Salem Witchcraft, Volume I & II

Salem Witchcraft, Volume I & II

by Charles Wentworth Upham

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Salem Witchcraft, Volume I & II by Charles Wentworth Upham

The "Lectures on Witchcraft," published in 1831, have long been out of
print. Although frequently importuned to prepare a new edition, I was
unwilling to issue again what I had discovered to be an insufficient
presentation of the subject. In the mean time, it constantly became
more and more apparent, that much injury was resulting from the want
of a complete and correct view of a transaction so often referred to,
and universally misunderstood.

The first volume of this work contains what seems to me necessary to
prepare the reader for the second, in which the incidents and
circumstances connected with the witchcraft prosecutions in 1692, at
the village and in the town of Salem, are reduced to chronological
order, and exhibited in detail.

As showing how far the beliefs of the understanding, the perceptions
of the senses, and the delusions of the imagination, may be
confounded, the subject belongs not only to theology and moral and
political science, but to physiology, in its original and proper use,
as embracing our whole nature; and the facts presented may help to
conclusions relating to what is justly regarded as the great mystery
of our being,--the connection between the body and the mind.

It is unnecessary to mention the various well-known works of authority
and illustration, as they are referred to in the text. But I cannot
refrain from bearing my grateful testimony to the value of the
"Collections of the Massachusetts Historical Society" and the
"New-England Historical and Genealogical Register." The "Historical
Collections" and the "Proceedings" of the Essex Institute have
afforded me inestimable assistance. Such works as these are providing
the materials that will secure to our country a history such as no
other nation can have. Our first age will not be shrouded in darkness
and consigned to fable, but, in all its details, brought within the
realm of knowledge. Every person who desires to preserve the memory of
his ancestors, and appreciate the elements of our institutions and
civilization, ought to place these works, and others like them, on the
shelves of his library, in an unbroken and continuing series. A debt
of gratitude is due to the earnest, laborious, and disinterested
students who are contributing the results of their explorations to the
treasures of antiquarian and genealogical learning which accumulate in
these publications.

A source of investigation, especially indispensable in the preparation
of the present work, deserves to be particularly noticed. In 1647, the
General Court of Massachusetts provided by law for the taking of
testimony, in all cases, under certain regulations, in the form of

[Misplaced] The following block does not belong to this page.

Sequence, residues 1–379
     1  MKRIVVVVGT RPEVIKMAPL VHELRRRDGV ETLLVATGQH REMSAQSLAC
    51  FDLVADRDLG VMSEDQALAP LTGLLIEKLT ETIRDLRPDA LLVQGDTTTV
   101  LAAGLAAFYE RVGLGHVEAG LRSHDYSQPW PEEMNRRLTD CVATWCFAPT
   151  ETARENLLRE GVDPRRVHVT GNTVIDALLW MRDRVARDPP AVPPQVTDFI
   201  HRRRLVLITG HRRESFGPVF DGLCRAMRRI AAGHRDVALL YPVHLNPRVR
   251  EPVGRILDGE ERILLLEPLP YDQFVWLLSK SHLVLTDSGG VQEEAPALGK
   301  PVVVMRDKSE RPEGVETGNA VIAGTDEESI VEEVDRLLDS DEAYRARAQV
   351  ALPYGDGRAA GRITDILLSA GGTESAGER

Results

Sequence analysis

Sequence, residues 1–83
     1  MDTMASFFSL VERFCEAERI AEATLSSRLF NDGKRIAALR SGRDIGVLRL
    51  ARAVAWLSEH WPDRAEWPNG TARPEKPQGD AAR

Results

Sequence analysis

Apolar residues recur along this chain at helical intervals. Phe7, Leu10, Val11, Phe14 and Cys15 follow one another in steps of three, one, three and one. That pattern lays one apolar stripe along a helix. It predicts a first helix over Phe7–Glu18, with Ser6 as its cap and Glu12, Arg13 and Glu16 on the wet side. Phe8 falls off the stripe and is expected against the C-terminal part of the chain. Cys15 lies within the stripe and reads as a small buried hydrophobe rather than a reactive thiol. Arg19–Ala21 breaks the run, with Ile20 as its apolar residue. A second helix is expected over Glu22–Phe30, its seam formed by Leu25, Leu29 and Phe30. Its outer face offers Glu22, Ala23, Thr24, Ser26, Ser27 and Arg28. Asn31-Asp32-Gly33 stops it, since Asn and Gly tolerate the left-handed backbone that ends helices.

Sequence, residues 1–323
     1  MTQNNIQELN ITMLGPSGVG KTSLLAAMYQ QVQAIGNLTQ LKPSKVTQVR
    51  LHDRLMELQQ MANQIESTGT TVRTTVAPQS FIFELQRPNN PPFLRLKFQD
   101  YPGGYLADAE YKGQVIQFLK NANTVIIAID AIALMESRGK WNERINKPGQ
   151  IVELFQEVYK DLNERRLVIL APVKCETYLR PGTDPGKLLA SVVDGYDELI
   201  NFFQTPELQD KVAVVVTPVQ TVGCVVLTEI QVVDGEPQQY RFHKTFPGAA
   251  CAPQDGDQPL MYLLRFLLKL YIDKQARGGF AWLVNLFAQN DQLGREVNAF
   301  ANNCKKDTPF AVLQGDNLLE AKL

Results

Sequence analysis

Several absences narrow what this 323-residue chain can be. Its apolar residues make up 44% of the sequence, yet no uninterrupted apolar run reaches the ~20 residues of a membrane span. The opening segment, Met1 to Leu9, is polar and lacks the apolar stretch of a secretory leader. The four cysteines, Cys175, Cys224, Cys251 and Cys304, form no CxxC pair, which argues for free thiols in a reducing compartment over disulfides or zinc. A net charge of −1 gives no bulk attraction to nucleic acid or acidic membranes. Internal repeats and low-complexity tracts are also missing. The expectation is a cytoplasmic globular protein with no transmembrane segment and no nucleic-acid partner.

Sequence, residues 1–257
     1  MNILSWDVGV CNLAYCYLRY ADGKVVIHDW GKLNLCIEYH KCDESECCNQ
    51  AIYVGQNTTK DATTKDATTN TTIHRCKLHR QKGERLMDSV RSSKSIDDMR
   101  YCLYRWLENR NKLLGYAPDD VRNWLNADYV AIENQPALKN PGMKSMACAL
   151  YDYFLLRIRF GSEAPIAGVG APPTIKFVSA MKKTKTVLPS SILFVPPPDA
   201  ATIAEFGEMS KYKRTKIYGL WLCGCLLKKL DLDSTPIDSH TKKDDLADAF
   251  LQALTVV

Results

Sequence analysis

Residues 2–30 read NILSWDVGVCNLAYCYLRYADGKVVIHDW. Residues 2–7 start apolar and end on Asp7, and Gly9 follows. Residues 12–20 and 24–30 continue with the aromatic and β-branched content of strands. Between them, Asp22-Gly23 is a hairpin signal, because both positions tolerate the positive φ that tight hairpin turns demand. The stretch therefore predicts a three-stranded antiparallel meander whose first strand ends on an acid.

depositions, to be preserved _in perpetuam rei memoriam_. The evidence
of witnesses was prepared in writing, beforehand, to be used at the
trials; they to be present at the time, to meet further inquiry, if
living within ten miles, and not unavoidably prevented. In a capital
case, the presence of the witness, as well as his written testimony,
was absolutely required. These depositions were lodged in the files,
and constitute the most valuable materials of history. In our day,
the statements of witnesses ordinarily live only in the memory of
persons present at the trials, and are soon lost in oblivion. In cases
attracting unusual interest, stenographers are employed to furnish
them to the press. There were no newspaper reporters or "court
calendars" in the early colonial times; but these depositions more
than supply their place. Given in, as they were, in all sorts of
cases,--of wills, contracts, boundaries and encroachments, assault and
battery, slander, larceny, &c., they let us into the interior, the
very inmost recesses, of life and society in all their forms. The
extent to which, by the aid of WILLIAM P. UPHAM, Esq., of
Salem, I have drawn from this source is apparent at every page.

A word is necessary to be said relating to the originals of the
documents that belong to the witchcraft proceedings. They were
probably all deposited at the time in the clerk's office of Essex
County. A considerable number of them were, from some cause,
transferred to the State archives, and have been carefully preserved.
Of the residue, a very large proportion have been abstracted from time
to time by unauthorized hands, and many, it is feared, destroyed or
otherwise lost. Two very valuable parcels have found their way into
the libraries of the Massachusetts Historical Society and the Essex
Institute, where they are faithfully secured. A few others have come
to light among papers in the possession of individuals.

Product Details

BN ID: 2940014928106
Publisher: SAP
Publication date: 07/15/2012
Sold by: Barnes & Noble
Format: NOOK Book
File size: 788 KB

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